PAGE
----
Show simple item record

dc.contributor.advisorPittman, Joe
dc.contributor.advisorLamke, Leanneen_US
dc.contributor.advisorSollie, Donnaen_US
dc.contributor.advisorKerpelman, Jenniferen_US
dc.contributor.authorBuckley, Rhondaen_US
dc.date.accessioned2008-09-09T21:22:11Z
dc.date.available2008-09-09T21:22:11Z
dc.date.issued2005-12-15en_US
dc.identifier.urihttp://hdl.handle.net/10415/728
dc.description.abstractThe purpose of this study is to examine the links between marital satisfaction, couples’ time together in joint, leisure activity and relationship conflict. Current literature has established the positive link between marital satisfaction and joint activity, as well as the negative link between marital satisfaction and conflict. Any link between conflict and couples’ low involvement in joint activity has yet to be established. In addition, the inter-workings of all three variables has not previously been considered. Two waves of data (Wave Two & Wave Three) from the National Survey of Families and Households (NSFH) were used to assess these relationships within and across time. Structural Equation Modeling (SEM) analyses affirmed the positive relationship between joint activity and marital satisfaction and the negative relationship between conflict and marital satisfaction. The negative relationship between conflict and joint activity was clearly established. The strength of the direct, negative relationship between conflict and joint activity surpassed the strength of the previously established direct, negative relationship between conflict and marital satisfaction. These results suggest that conflict, over time, has a substantial, negative impact on couples’ marital satisfaction and joint activity. Essentially, more open disagreements make couples’ less inclined to spend time with one another and less enthusiastic about their marriages. It should be noted that these results apply to couples involved in long-term, highly stable marriages and a predominantly Caucasian population. Due to study limitations, future research needs to include a more diverse sample, measures of conflict that include observational level data of couples’ engaging in conflict. Finally, future research needs to include time-incremental measures of time spent in joint activity.en_US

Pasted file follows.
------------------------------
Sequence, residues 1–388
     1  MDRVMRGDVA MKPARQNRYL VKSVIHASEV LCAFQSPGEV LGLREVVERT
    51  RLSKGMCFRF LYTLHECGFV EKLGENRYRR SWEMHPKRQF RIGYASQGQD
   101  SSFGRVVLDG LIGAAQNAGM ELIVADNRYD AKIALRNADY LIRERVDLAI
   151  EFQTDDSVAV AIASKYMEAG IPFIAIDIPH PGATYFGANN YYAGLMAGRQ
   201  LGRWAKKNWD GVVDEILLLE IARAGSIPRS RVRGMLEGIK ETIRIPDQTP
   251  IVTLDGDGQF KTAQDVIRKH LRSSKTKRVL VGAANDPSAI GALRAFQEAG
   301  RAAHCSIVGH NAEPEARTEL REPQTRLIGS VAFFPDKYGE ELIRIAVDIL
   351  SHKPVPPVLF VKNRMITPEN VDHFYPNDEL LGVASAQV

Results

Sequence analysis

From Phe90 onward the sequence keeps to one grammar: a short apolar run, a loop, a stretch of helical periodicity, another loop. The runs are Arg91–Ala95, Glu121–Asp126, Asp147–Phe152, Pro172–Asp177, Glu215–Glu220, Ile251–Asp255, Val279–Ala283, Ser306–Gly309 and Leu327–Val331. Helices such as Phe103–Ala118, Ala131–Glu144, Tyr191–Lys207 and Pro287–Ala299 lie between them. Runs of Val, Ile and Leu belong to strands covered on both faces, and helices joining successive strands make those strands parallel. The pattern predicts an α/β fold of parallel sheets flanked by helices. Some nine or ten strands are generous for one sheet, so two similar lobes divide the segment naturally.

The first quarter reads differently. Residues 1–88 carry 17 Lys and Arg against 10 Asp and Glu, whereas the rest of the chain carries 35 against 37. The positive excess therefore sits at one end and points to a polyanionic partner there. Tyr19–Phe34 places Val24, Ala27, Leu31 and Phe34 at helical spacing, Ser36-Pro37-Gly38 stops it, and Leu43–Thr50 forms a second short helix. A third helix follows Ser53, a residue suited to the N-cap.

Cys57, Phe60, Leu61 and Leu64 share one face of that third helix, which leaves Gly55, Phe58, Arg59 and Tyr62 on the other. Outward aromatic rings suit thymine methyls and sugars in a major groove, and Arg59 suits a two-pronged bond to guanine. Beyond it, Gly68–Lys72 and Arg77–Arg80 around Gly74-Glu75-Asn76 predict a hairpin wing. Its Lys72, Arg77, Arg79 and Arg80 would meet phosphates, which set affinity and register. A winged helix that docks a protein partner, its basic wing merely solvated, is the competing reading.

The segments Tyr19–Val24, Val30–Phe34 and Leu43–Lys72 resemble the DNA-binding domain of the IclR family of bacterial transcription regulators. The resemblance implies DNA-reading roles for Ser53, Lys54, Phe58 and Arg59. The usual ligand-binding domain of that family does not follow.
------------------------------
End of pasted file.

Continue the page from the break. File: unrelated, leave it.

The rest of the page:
dc.language.isoen_USen_US
dc.subjectHuman Development and Family Studiesen_US
dc.titleThe Relationships Between Conflict, Marital Satisfaction and Couples' Time Spent in Joint Activityen_US
dc.typeDissertationen_US
dc.embargo.lengthNO_RESTRICTIONen_US
dc.embargo.statusNOT_EMBARGOEDen_US


Files in this item

Show simple item record